2015 Cost Estimates of Establishing, Producing, and Packing Bing Sweet Cherries in Washington State | Extension Publications | Washington State University Skip to main content Skip to navigation

2015 Cost Estimates of Establishing, Producing, and Packing Bing Sweet Cherries in Washington State

2015 Cost Estimates of Establishing, Producing, and Packing Bing Sweet Cherries in Washington State

Suzette Galinato, Research Associate, IMPACT Center, School of Economic Sciences, Washington State University, Pullman, WA, R. Karina Gallardo, Associate Professor and Extension Specialist, School of Economic Sciences, Center for Precision and Automated Agricultural Systems, Washington State University Puyallup Research and Extension Center, Puyallup, WA
If you’re thinking of producing Bing sweet cherries in Washington State, this publication can be a very valuable resource. Designed to enable growers to estimate costs of equipment, materials, supplies, and labor as well as ranges of price and yield, this publication helps evaluate the feasibility and profitability of establishing, producing, and packing Bing sweet cherries.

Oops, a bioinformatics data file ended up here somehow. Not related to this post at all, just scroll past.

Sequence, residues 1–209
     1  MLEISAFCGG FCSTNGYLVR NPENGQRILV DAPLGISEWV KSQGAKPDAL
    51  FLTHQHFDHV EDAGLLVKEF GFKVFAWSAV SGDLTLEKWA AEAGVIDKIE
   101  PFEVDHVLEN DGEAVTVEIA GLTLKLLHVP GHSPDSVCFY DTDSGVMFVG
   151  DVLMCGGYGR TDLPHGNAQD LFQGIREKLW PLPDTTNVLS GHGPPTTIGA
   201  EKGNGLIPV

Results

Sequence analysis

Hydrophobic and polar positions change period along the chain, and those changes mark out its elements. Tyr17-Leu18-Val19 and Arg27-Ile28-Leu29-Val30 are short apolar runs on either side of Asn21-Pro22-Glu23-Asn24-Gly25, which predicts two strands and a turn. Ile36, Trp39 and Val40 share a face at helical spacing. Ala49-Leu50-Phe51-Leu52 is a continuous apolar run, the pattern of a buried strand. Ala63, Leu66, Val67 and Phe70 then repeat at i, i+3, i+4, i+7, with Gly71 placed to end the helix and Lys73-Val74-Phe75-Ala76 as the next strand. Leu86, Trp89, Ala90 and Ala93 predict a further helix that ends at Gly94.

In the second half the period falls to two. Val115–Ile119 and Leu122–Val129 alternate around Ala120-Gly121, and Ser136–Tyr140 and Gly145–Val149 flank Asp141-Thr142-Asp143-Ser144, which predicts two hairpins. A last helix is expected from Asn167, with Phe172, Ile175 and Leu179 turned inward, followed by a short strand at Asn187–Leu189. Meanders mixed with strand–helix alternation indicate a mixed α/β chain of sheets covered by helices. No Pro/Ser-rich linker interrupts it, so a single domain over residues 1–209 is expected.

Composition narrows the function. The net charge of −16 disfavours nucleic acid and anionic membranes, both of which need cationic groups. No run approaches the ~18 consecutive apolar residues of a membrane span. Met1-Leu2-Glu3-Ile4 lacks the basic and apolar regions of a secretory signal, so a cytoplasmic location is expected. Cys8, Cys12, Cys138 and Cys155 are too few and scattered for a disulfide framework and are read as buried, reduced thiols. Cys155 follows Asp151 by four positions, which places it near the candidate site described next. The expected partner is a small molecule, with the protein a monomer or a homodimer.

Section 3 Lorem ipsum dolor sit amet, consectetur adipiscing elit. Mauris sit amet pulvinar massa, vel suscipit turpis. Vestibulum sollicitudin felis sit amet mi luctus, sed malesuada nibh ultricies. Nam sit amet accumsan dui, vitae placerat tortor. Vestibulum facilisis fermentum dignissim. Maecenas ultrices cursus diam, eu volutpat urna viverra non.

Page:

...

Preface

The results presented in this WSU publication serve as a general guide for evaluating the feasibility of producing Bing sweet cherries in Washington State as of 2015. This publication is not intended to be a definitive guide to production practices, but it is helpful in estimating the physical and financial requirements of comparable plantings.

Specific assumptions were adopted for this study, but these assumptions may not fit every situation since production costs and returns vary across orchard operations, depending on the following factors:

  • Capital, labor, and natural resources
  • Crop yields
  • Cultural practices